A. I don't know that I have a style you could pin down. If a French pastry chef had my style, they would also make a good spaghetti or Cuban pork. If I like it, I try to perfect it and I like lots of very different things.
Q. You had a long Navy career. Did that affect your cooking in any way?
A. Yes, I was on submarines and retired as a senior chief petty officer. I was lucky enough to visit a few countries. The one thing I learned is, try the local food. Ninety-nine times out of a hundred, you're going to enjoy it. I did anyway. That really defined my taste; I enjoy good Southern barbecue as much as paella, Mexican pasole as much as fried flounder.
Q. What is the most challenging dish you've ever attempted and how did it go?
A. Well, first of all I don't consider myself a really good cook. Like a lot of people, I cook a lot of things good. Not like a real gourmet cook or someone who can be a real wizard in the kitchen.
I find something I like and work on it, then add it to my list of items I might serve guests.
The biggest challenge was doing really good pork barbecue. Not the Crock-Pot stuff, but the hand-rubbed, slow-smoked, hand-pulled real thing. The real stuff takes time to perfect and all day to prepare.
Q. Do you have any affinities for ethnic cooking?
A. Well, let's see, is grilling ethnic? If at all possible, I'll do all or part of a meal on a grill.
Seriously though, certainly Italian, I grew up on it as well as Mexican. I cook what I love to eat and I love to eat what I grew up on.
Q. Let's say you were on "Survivor" and deprived of good food for awhile. What would be the first meal you request?
A. Honestly, I'd ask for a good meat smoker, a nice lean Boston butt roast and ingredients for a good rub and sauce. Let's not forget the homemade coleslaw and dressing.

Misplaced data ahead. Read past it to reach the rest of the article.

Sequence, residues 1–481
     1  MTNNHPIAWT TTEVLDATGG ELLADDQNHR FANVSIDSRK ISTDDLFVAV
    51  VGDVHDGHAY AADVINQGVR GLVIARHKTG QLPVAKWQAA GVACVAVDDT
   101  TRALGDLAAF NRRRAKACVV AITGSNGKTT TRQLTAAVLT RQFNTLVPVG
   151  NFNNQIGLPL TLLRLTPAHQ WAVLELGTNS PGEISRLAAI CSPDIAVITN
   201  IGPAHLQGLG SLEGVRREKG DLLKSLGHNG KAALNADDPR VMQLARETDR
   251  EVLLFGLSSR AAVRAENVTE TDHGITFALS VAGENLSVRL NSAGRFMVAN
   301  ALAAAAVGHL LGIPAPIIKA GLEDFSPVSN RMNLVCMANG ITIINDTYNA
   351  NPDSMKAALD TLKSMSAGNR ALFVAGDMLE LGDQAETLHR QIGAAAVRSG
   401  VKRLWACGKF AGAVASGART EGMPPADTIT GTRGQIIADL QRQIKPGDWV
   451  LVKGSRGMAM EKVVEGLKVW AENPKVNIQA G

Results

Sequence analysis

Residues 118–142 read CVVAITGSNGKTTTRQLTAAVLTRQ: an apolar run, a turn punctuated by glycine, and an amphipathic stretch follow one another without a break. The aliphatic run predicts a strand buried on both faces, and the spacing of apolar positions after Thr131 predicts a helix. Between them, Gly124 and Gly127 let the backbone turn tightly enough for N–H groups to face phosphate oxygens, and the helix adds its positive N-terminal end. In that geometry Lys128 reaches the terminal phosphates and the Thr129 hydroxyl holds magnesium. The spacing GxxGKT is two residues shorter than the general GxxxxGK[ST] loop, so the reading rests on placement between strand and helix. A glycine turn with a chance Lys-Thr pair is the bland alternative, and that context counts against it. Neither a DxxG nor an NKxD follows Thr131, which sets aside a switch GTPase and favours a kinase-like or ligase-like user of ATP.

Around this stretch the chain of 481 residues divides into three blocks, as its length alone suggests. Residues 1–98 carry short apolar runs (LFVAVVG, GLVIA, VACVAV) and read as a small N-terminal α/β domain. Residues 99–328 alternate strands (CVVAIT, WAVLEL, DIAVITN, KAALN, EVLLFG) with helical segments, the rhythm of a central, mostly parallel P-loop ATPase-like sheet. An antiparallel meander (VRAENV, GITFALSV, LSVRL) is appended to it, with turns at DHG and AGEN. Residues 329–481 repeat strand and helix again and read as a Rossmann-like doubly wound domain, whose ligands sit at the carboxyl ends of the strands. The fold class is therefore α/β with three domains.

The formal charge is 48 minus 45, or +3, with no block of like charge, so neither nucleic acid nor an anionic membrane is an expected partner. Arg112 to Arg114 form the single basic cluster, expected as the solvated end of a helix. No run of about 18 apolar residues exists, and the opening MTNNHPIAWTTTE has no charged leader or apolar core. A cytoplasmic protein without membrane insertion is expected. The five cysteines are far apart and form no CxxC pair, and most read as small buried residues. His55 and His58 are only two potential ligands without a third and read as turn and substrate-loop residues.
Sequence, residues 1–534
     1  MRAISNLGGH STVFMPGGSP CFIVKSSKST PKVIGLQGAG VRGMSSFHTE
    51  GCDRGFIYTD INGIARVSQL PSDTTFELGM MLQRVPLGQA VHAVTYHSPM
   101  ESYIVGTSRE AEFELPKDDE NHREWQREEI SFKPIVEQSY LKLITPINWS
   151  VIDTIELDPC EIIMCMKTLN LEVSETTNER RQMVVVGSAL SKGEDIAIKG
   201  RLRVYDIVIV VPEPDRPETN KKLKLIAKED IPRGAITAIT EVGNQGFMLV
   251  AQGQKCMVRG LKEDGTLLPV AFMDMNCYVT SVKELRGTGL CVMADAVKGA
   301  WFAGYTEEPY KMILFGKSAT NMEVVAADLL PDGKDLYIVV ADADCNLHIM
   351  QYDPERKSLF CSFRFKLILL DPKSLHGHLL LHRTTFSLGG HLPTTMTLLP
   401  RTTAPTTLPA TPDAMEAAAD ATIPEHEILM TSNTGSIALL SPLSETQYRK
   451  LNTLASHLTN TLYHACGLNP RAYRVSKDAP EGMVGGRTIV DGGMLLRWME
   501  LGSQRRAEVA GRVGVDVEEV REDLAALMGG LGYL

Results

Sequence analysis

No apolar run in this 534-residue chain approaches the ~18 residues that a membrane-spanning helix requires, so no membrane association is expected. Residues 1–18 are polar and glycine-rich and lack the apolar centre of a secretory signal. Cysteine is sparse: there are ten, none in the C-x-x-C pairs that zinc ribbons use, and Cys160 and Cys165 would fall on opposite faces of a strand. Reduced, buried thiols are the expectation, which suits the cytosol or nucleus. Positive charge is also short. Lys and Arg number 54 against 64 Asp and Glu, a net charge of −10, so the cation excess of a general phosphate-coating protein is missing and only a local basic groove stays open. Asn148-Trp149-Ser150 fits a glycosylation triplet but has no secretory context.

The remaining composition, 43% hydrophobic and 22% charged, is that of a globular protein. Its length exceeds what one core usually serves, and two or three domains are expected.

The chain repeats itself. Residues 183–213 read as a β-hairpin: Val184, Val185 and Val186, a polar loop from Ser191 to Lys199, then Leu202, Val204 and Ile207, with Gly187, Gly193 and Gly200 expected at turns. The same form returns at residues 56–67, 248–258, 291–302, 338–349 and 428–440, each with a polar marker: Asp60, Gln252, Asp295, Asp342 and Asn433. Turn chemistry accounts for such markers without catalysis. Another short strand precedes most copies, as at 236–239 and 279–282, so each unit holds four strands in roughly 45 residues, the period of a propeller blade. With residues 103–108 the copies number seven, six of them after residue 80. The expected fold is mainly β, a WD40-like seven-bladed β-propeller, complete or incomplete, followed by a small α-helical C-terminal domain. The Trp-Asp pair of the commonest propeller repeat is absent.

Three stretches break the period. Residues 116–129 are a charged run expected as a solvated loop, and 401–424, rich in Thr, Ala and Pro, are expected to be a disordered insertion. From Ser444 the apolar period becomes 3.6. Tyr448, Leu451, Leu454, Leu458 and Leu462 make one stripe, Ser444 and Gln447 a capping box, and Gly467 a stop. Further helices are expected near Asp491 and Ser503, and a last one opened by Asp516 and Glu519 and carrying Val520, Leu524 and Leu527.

Momma Flader's Bar-B-Q Ribs
2 pounds boneless country-style ribs
1 clove garlic
1 (8-ounce) can tomato sauce
2/3 cup ketchup
1/2 cup vinegar
1 cup pineapple juice
1/3 cup brown sugar
2 tablespoons Worcestershire sauce
1 teaspoon dry mustard
Thin slices of onion and lemon
Mix all ingredients, except for onion and lemon, and bring to a boil. Then turn off the heat and let stand.
Brown meat on a charcoal grill for 1 hour, 30 minutes per side, and place in an oven pan (it's best to find a smaller pan so the sauce will cover the ribs). Cover with the onion and lemon slices and cook at 325 degrees for about 2 hours or until meat is tender.
Optional meat preparation: Brown under broiler or in frying pan. Just make sure all sides are browned.
Lew Flader's Spicy Charleston Red Rice
1 pound smoked sausage (Polish sausage for spicier rice)
1 (28-ounce) can crushed tomatoes
1 (6-ounce) can tomato paste
1/2 tablespoon cilantro
1/2 teaspoon minced garlic
1/2 teaspoon anise seed
2 bay leaves
1 teaspoon oregano
1 teaspoon crushed red pepper (for brave souls)
2 cups of uncooked Uncle Ben's Converted Rice
Cut sausage into thin slices or dice. Mix sausage with the remaining ingredients except the rice and add 3 cups of water. Bring to a good boil, and then stir in the rice. Cover tightly and simmer for 20 minutes. Resist the temptation to peek, stir, or taste. Leave it alone and it will turn out great.
Notice about comments:
The Post and Courier is pleased to offer readers the enhanced ability to comment on stories. Some of the comments may be reprinted elsewhere in the site or in the newspaper. We ask that you refrain from profanity, hate speech, personal comments and remarks that are off point.